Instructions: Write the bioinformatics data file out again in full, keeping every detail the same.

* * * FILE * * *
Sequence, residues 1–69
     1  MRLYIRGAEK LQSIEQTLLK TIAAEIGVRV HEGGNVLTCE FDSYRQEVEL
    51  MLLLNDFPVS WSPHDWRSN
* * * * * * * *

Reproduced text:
Sequence, residues 1–69
     1  MRLYIRGAEK LQSIEQTLLK TIAAEIGVRV HEGGNVLTCE FDSYRQEVEL
    51  MLLLNDFPVS WSPHDWRSN